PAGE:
It's true that there was salmon in the house just a couple of nights ago. But I was up for it again and wanted to finally try a glaze recommended by my good Princeton friends Everett and David. They were even so kind as to send me the Park Hill Maple & Spice mix from the Savory Spice Shop, just so I could make this happen.

And it's darned good. It's a wonderful mix of flavors but it does not overwhelm the salmon. I also tried out an orzo-based risotto with blue cheese and pine nuts that proved to be marvelous. The meal was completed with a batch of lima beans.

For dessert: New York Cheesecake. I made it yesterday intending to have it ready for the large group that was here. But I didn't get it done in time to get good and chilled. I also felt like I cooked it a wee bit too. So far, though, the takers have appeared to be pleased with it.

Saturday, July 23, 2011

Meal No. 322: Turkey with Onion-Garlic-Thyme Sauce

Saturday night's gathering at the Roediger House was another occasion for a big meal for a table full of people. I wanted to try out a slow-cooker recipe for turkey breast just to see what I thought of it, and I pulled one from Slow Cooker Revolution.

I am not yet convinced that the slow-cooker recipes in this cookbook are better than other versions (compare this meal to its slow-cooker counterpart, for instance). While tonight's turkey breast was well-cooked and quite good, it still turned out to be a tad dry. Not at all like the moist, flavorful turkey that's been served up as part of the several "Thanksgiving" meals I've made over the last year (not just November, but also December, May and June).

Now, I did not go all out as would be the case when I'm trying to put together the traditional Thanksgiving meal. To go with the turkey, there was buttery mashed potatoes and garden peas. I think the biggest hit of the evening, though, was the sauce made from the liquid used to help the turkey breast simmer and cook. It had garlic, onion, carrot, wine, broth, and thyme in it. I also added the turkey gravy packet that came with the frozen breast, along with some butter and flour.

There was no turkey left over, and it turns out I did not make enough mashed potatoes. But the crew seemed content with how the meal went, and that's always good news to my ears.

Friday, July 22, 2011

Meal No. 321: Poached Salmon & Israeli Couscous

Friday night at the Roediger House, and dinner was delicious yet again.

Had you been here, you could have enjoyed some poached salmon with chilled rosemary dijon cream sauce, Israeli couscous with pine nuts, and steamed broccoli.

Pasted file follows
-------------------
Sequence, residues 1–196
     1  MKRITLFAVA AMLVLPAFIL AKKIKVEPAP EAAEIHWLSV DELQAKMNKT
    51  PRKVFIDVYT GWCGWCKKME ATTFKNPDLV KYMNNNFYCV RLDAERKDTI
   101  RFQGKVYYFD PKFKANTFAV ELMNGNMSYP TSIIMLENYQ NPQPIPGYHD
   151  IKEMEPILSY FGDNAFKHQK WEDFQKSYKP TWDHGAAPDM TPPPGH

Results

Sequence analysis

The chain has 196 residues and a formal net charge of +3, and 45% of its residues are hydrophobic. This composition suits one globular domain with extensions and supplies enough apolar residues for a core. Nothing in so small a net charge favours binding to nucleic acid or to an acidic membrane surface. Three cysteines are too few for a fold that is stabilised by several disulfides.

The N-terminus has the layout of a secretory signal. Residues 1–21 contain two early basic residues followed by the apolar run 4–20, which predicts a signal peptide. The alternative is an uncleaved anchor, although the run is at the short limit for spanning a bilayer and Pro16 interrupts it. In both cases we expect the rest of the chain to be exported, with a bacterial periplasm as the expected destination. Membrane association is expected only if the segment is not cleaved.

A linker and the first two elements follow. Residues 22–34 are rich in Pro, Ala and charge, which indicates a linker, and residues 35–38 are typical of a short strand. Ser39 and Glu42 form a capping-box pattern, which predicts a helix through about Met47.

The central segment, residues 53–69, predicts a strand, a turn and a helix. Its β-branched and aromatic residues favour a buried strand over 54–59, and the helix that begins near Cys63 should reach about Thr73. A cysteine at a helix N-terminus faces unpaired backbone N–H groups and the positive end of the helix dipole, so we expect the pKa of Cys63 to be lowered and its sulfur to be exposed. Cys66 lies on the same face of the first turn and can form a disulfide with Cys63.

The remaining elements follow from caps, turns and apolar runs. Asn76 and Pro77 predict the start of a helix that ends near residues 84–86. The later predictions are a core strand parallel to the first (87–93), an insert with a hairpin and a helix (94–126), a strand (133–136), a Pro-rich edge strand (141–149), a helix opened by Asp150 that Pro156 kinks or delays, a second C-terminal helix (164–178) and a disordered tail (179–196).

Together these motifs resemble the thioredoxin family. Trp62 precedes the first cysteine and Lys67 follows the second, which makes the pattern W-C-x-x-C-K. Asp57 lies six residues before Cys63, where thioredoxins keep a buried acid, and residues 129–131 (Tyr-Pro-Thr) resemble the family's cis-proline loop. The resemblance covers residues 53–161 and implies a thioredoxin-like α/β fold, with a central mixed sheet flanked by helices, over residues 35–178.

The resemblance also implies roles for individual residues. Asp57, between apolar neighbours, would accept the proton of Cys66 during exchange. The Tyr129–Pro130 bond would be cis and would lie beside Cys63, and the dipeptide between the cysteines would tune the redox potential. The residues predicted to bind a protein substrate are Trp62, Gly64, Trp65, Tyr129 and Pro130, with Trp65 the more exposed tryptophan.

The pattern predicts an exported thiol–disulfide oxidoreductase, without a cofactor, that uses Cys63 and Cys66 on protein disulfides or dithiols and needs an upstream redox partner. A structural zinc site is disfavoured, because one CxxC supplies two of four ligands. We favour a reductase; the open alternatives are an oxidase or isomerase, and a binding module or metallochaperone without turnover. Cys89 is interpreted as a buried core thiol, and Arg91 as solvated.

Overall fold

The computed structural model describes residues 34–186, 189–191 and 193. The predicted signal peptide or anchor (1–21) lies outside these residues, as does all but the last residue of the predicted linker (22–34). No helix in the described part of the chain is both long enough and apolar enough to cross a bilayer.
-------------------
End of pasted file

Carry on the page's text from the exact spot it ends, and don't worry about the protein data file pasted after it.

Thursday, July 21, 2011

Meal No. 320: Curried Chicken Salad

Before heading out of town yesterday evening for a quick overnighter to Winchester, VA, I took the chicken meat from a deboned rotisserie chicken and turned it into a delicious curried chicken salad with toasted almonds and grapes. Served in a thick pile on some fresh potato bread, and washed down with Pepsi Throwback, it was what I needed before packing and turning the car north.

Wednesday, July 20, 2011

Meal No. 319: Beef Tenderloin

OK. I've been on a bit of a red meat kick here, but I love beef and there have been some good specials on it. Plus, with a short bit of traveling to be done this week, I had to be more strategic about when I would fix which things.

So last night was roasted beef tenderloin in wine sauce, topped with succulent onion and mushroom, and paired with cheddar potato slices and broccoli.

I also tried out yet another new recipe for biscuits, this time from a recent issue of Cook's Country: cream cheese biscuits, and they turned out pretty well.

Tuesday, July 19, 2011

Meal No. 318: Grilled Filets

After a 15-hour-straight drive home from vacation out in Oklahoma (arriving back at the Roediger House around 7:30 am Monday morning), and a short morning trying to sleep it off a bit, I had trouble imagining a more satisfying meal than steaks on the grill. Simple to make, and always pleasing to the palate.

So earlier tonight (or last night, really) the Phillis boys rounded out the dinner table for grilled filet mignon, steamed asparagus, and baked potatoes (I was the only one who voted for sweet potato). A couple of delicious big bottles of Brooklyn Brewery Local 1 were knocked back slowly and reasonably. No dessert, though: instead, we let our food settle while catching up on a couple more episodes of Doctor Who.

Monday, July 18, 2011

Cyprus, When Agitated